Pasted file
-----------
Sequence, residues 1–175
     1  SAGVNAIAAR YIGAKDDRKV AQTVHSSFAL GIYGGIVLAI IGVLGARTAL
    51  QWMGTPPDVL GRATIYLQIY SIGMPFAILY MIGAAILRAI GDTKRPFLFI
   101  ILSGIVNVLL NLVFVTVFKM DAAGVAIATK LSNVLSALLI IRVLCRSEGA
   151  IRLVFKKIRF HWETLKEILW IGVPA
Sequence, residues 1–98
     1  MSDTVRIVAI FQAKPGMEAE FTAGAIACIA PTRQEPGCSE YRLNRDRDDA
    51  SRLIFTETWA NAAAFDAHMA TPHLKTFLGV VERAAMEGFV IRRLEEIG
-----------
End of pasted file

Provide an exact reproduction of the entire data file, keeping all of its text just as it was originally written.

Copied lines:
Sequence, residues 1–175
     1  SAGVNAIAAR YIGAKDDRKV AQTVHSSFAL GIYGGIVLAI IGVLGARTAL
    51  QWMGTPPDVL GRATIYLQIY SIGMPFAILY MIGAAILRAI GDTKRPFLFI
   101  ILSGIVNVLL NLVFVTVFKM DAAGVAIATK LSNVLSALLI IRVLCRSEGA
   151  IRLVFKKIRF HWETLKEILW IGVPA
Sequence, residues 1–98
     1  MSDTVRIVAI FQAKPGMEAE FTAGAIACIA PTRQEPGCSE YRLNRDRDDA
    51  SRLIFTETWA NAAAFDAHMA TPHLKTFLGV VERAAMEGFV IRRLEEIG